George Packer

Guillermo Riveros
2017
George
Packer

Our Man: Richard Holbrooke and the End of the American Century

Published by Alfred A. Knopf

This book recounts the life of the American diplomat Richard Holbrooke and, especially, the three wars in which he was deeply involved—Vietnam at the start of his career, Bosnia at its height, and Afghanistan at its end. Using a fictional narrator to tell a strictly factual account, drawing on exclusive access to Holbrooke’s rich personal papers, the book provides an intimate character study of idealism and egotism, humanitarian purpose and self-blindness, to trace the waxing and waning of America's democratic health and global leadership during the later years of what’s called the American Century. 

 

George Packer has been a New Yorker staff writer since 2003. His book The Assassins’ Gate: America in Iraq was named one of the ten best books of 2005 by the New York Times, was a finalist for the Pulitzer Prize, and won the New York Public Library’s Helen Bernstein Book Award. He has contributed numerous articles, essays, and reviews to The New York Times Magazine, Mother Jones, Harper’s, and other publications. He was a Guggenheim Fellow and has taught writing at Harvard, Bennington, and Columbia. His most recent book, The Unwinding: An Inner History of the New America, won the National Book Award. He lives in Brooklyn, NY.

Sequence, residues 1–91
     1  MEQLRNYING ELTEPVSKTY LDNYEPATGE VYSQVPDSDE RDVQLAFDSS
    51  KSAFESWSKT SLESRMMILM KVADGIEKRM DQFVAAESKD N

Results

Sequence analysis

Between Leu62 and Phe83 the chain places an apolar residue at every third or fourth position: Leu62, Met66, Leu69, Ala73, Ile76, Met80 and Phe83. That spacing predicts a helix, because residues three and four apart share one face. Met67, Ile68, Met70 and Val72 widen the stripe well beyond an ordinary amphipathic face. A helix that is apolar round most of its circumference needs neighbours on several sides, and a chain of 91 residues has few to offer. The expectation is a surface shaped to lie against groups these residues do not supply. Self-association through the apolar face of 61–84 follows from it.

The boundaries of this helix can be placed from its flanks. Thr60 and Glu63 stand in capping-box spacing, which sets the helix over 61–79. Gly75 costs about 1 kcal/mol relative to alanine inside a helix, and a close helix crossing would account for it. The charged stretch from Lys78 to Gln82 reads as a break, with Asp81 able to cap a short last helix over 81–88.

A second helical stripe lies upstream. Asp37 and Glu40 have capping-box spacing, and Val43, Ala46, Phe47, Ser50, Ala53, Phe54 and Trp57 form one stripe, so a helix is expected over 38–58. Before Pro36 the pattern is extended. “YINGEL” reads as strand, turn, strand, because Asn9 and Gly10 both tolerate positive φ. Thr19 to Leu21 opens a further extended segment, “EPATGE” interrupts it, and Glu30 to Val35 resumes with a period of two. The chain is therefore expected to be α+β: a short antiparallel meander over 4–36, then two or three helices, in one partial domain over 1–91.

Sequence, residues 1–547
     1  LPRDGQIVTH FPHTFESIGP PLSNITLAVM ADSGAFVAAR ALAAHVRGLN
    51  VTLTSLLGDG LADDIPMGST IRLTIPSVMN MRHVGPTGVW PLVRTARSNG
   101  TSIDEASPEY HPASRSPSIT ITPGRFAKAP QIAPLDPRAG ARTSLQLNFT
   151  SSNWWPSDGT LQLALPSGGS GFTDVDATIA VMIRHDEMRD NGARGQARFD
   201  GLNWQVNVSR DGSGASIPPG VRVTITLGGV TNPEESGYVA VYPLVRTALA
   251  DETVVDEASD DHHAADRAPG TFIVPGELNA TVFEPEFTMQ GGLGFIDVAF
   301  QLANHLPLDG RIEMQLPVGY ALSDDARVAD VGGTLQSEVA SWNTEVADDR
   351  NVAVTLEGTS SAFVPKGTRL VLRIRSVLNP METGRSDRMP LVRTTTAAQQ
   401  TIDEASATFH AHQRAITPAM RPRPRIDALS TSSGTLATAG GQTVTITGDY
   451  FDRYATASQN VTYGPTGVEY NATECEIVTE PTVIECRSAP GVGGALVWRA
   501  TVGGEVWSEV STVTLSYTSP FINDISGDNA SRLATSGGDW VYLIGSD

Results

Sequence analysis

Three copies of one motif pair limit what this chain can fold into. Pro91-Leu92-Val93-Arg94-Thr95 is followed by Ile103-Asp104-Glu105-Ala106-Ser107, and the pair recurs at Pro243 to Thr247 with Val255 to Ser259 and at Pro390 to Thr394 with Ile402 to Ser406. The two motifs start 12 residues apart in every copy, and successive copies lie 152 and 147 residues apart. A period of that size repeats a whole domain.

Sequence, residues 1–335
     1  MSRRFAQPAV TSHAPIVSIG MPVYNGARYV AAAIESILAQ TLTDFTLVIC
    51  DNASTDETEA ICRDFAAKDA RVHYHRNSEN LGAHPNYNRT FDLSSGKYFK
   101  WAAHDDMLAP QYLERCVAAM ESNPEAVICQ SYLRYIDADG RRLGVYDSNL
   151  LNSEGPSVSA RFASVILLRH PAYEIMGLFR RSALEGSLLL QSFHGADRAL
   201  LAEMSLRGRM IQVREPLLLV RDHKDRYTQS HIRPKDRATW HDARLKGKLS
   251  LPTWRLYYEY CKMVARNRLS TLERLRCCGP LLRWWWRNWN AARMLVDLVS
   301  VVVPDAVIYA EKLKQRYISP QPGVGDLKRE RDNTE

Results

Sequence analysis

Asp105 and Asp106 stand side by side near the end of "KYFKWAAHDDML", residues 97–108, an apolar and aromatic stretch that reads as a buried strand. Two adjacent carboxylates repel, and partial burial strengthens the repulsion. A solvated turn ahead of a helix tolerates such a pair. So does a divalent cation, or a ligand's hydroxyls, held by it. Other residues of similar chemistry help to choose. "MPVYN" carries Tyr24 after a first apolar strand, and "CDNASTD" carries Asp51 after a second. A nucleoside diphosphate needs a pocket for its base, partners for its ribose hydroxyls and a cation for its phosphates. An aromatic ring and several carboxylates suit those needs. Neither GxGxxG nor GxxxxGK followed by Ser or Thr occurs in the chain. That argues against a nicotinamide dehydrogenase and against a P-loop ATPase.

The grant jury: Irreverent, fast-paced, and unfailingly rigorous, this is nonfiction writing that breaks new ground.  In choosing to relate the staunchly accurate biography of an "almost-great man" from the point of view of a fictional narrator, George Packer has given himself many degrees of freedom not usually available to an authorized biographer. This masterly account reads like a literary novel of the highest order while providing an insightful look into the deeper nature of power and the lives of those who hold it. Packer realized that to tell the story of this giant of diplomacy, whose diaries reflect his involvement in three wars, was also to draw a map of our successes and failures. As Holbrooke, so America. He has created an enthralling nonfiction picaresque that offers incisive clues to the complexities this country faces today.